Former governments in Montenegro allowed 175 politicians and magistrates to acquire apartments using loans issued under favourable conditions, Interior Minister Dritan Abazovic said on April 21. According to the minster, Montenegro’s authorities have discovered evidence of the transactions even though a significant part of the documentation has been destroyed.
Montenegro’s new government, which took office in December, announced its top priority was to reveal all corrupt schemes carried out under former governments led by President Milo Djukanovic’s Democratic Party of Socialists (DPS). The DPS has ruled the country for over three decades before losing the general election in August 2020.
According to Vanja Calovic Markovic, the head of the national body for the fight against high-level corruption, previous governments gave out apartments and loans to magistrates and political figures, in breach of the law, and with a total cost of around €25mn.
She added that the council has so far gathered evidence on such loans over the past 10 years, with loans worth €4.6mn being distributed in the past four years alone by the DPS-led government under former prime minister Dusko Markovic.
Markovic added that 580 people have been granted cheap loans for apartment purchases, including the 175 political figures and magistrates and 405 people working at the state administration.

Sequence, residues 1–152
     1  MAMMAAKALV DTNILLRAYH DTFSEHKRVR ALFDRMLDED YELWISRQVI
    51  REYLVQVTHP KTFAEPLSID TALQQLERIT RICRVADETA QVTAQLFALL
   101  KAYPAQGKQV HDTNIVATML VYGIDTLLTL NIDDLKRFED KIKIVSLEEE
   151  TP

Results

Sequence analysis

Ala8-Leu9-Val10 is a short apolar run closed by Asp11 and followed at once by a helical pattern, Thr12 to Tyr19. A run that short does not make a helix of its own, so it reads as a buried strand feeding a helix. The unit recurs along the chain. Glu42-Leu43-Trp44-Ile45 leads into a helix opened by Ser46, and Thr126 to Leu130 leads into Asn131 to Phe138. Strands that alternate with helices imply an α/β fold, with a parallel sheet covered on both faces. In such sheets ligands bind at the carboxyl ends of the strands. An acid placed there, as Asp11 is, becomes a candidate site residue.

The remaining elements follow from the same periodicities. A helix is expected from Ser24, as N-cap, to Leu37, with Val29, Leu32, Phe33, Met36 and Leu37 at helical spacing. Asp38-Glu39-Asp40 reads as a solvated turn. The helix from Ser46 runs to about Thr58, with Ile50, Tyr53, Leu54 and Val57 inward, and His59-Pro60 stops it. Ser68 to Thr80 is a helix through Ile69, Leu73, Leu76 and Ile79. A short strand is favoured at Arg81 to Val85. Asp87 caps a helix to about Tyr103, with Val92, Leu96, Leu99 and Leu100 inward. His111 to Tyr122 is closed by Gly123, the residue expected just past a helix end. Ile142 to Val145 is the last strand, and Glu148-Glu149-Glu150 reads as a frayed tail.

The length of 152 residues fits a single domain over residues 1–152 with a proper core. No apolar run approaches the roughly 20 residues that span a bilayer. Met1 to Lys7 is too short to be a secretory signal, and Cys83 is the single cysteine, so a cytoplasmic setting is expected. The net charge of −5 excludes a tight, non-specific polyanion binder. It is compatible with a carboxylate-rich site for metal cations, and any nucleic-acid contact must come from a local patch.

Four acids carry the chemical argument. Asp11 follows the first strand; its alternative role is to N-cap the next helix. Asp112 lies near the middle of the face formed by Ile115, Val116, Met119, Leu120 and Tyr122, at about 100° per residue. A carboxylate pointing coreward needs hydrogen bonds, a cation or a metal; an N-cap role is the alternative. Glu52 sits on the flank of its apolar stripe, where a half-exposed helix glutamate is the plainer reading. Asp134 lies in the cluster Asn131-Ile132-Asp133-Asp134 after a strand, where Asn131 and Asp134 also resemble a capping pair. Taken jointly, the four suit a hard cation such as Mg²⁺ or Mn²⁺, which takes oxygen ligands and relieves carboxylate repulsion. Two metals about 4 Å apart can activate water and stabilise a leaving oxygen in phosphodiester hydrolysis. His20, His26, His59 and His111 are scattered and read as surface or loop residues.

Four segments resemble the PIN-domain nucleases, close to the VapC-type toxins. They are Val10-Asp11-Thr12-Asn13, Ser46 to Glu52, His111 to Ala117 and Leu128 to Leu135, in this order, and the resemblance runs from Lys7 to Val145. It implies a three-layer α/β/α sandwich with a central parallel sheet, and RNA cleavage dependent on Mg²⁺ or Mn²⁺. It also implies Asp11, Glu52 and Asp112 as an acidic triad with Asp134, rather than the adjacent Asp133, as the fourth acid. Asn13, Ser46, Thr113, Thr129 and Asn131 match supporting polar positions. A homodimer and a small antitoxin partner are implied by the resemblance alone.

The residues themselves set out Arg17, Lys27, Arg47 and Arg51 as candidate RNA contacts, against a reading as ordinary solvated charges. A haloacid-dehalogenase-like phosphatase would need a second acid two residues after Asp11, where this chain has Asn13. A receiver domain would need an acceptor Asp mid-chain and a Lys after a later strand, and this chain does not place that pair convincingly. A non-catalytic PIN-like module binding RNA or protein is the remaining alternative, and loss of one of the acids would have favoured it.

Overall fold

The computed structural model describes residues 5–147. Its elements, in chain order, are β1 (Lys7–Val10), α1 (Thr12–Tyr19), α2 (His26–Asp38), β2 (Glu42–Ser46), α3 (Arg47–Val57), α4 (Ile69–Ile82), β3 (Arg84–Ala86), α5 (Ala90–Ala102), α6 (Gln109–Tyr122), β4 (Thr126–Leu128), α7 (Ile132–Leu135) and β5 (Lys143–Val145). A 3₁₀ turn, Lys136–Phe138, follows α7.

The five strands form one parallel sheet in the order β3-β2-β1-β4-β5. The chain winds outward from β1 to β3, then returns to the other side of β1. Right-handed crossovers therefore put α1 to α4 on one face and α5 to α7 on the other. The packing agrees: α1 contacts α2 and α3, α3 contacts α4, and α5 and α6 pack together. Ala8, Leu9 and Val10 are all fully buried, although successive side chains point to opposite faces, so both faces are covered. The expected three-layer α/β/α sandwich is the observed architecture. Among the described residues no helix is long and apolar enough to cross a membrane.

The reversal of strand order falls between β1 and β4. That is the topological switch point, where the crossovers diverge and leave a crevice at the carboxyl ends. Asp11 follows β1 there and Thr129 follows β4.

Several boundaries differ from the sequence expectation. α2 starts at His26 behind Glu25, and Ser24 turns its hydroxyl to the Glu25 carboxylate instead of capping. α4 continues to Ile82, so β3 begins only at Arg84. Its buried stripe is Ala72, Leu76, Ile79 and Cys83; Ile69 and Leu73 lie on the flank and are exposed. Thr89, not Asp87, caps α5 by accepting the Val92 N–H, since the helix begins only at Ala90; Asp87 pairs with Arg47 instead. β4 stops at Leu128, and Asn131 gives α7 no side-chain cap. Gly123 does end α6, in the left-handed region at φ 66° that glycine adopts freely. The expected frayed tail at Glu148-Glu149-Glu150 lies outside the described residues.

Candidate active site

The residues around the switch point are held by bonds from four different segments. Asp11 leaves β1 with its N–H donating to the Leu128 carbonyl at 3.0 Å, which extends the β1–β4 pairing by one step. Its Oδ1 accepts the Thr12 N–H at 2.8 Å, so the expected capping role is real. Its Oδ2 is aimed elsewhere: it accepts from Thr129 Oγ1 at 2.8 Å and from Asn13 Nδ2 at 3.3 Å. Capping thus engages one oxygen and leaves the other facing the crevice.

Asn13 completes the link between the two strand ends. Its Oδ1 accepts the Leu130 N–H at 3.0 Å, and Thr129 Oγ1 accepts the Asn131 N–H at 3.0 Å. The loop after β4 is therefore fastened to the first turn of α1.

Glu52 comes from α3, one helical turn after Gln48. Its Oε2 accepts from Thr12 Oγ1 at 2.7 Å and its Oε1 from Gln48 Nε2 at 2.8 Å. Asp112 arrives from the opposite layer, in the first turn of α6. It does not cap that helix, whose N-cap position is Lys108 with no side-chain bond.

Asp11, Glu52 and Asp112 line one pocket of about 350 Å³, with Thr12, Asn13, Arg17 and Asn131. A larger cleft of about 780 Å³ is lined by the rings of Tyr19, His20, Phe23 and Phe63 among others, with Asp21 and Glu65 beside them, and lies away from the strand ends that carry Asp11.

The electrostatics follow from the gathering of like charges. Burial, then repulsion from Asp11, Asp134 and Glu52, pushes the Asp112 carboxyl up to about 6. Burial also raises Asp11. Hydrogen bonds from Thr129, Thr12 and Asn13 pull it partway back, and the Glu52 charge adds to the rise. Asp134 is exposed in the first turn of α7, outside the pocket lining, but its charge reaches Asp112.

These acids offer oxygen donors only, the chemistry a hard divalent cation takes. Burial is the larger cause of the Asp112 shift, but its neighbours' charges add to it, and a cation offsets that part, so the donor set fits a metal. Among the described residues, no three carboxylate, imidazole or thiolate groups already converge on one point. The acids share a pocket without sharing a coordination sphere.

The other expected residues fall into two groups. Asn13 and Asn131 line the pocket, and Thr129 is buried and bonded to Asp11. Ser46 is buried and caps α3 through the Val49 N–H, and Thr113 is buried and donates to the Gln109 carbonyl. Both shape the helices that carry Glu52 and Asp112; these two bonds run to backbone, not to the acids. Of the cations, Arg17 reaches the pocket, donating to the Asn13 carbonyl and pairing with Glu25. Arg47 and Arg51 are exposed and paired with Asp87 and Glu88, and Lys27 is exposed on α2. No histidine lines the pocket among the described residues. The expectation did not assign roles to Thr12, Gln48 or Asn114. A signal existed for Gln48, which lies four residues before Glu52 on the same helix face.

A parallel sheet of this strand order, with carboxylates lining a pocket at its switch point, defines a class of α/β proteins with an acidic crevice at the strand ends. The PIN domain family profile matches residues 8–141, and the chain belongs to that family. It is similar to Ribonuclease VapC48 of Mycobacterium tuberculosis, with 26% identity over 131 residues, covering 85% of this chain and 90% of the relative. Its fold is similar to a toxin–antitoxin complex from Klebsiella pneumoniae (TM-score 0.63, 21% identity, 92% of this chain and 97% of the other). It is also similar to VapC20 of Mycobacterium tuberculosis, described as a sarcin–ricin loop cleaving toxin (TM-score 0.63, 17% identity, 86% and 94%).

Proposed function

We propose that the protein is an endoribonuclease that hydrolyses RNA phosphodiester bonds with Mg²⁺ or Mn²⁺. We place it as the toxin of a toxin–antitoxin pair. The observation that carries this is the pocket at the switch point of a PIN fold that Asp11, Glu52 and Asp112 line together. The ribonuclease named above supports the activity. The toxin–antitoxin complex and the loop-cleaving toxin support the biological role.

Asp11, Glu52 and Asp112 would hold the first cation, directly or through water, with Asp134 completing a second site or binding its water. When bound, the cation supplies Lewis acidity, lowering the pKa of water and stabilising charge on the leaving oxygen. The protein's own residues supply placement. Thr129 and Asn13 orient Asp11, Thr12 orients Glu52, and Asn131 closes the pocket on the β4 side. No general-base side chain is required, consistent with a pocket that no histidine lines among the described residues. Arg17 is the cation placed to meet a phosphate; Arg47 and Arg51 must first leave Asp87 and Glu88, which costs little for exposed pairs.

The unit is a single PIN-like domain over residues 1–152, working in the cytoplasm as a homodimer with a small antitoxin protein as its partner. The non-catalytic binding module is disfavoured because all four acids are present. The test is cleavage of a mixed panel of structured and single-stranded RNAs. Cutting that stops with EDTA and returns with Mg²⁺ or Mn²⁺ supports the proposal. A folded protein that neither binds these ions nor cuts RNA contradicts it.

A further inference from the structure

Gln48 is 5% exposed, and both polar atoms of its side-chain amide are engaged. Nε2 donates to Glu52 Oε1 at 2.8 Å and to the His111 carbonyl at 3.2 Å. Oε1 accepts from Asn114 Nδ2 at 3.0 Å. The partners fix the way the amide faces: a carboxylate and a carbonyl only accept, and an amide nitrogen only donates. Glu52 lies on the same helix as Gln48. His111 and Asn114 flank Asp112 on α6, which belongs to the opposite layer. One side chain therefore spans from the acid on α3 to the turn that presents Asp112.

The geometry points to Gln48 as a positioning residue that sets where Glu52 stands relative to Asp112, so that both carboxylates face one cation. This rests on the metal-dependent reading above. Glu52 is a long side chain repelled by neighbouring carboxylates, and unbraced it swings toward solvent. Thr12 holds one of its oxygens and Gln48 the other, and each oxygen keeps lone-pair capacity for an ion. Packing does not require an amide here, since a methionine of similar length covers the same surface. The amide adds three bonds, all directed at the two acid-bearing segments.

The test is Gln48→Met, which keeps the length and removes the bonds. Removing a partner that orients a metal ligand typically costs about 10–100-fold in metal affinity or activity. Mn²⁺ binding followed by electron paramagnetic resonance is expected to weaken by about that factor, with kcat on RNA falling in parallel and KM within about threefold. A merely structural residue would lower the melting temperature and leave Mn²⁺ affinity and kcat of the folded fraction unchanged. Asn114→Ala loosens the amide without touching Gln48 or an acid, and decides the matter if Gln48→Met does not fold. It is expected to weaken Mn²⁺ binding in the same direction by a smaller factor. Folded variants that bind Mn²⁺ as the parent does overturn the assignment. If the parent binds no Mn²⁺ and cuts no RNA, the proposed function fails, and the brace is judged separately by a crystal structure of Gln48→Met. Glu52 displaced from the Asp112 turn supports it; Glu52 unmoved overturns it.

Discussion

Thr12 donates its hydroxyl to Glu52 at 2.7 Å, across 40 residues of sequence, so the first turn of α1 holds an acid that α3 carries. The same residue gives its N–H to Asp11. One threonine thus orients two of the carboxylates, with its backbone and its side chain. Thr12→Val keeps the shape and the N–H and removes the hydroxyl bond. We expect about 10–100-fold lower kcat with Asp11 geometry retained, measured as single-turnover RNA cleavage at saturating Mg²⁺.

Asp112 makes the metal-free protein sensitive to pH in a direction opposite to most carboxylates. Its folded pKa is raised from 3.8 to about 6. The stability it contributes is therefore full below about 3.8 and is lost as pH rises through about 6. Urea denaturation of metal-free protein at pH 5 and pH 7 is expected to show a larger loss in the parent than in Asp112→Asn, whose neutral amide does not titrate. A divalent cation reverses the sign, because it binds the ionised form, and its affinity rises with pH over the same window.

Abazovic commented that the case concerns typical high-level corruption.
“What Mrs. Calovic Markovic has shown us is classic corruption. Where in the world the government can allocate apartments to judges of the constitutional court? How then can we expect decisions by the constitutional court? How many of the decisions of the constitutional court were delayed? How many cases were shelved by the constitutional court and will never see the light of day until some other judges arrive,” Abazovic commented.
He added that this was just one segment related to the apartment purchases and that the anti-corruption body is working on other cases too.
This is not the first case of corruption revealed by Abazovic in the past months. In March, he accused chief special prosecutor Milivoje Katnic of blocking several investigations into cases involving Djukanovic. His government sought to remove Katnic but backed down after criticisms from EU bodies.
Among other top politicians, ex-interior minister Mevludin Nuhodzic was named in connection to an investigation into the procurement of border monitoring equipment. In February, Abazovic revealed that the borders with Albania and Croatia are not well protected following alleged fraud in a deal to buy equipment including radar and cameras for border monitoring.
Under Nuhodzic, the ministry acquired border monitoring equipment that was much cheaper than what had been agreed, which led to the embezzlement of over €1mn from a EU grant, Abazovic said. According to the deputy prime minister, the equipment has not worked for more than a year and a half, leaving the borders unprotected.
In early March, the government replaced several senior police officers over alleged connections to organised crime. The government removed then deputy police head Zoran Lazovic, who was accused by the ruling coalition of ties to organised crime. Media speculation about Lazovic’s alleged ties to organised crime groups started back in 2010 when a video was released showing him at the wedding of alleged Montenegrin drug trafficker Safet Kalic. Lazovic has denied allegations of being involved in organised crime.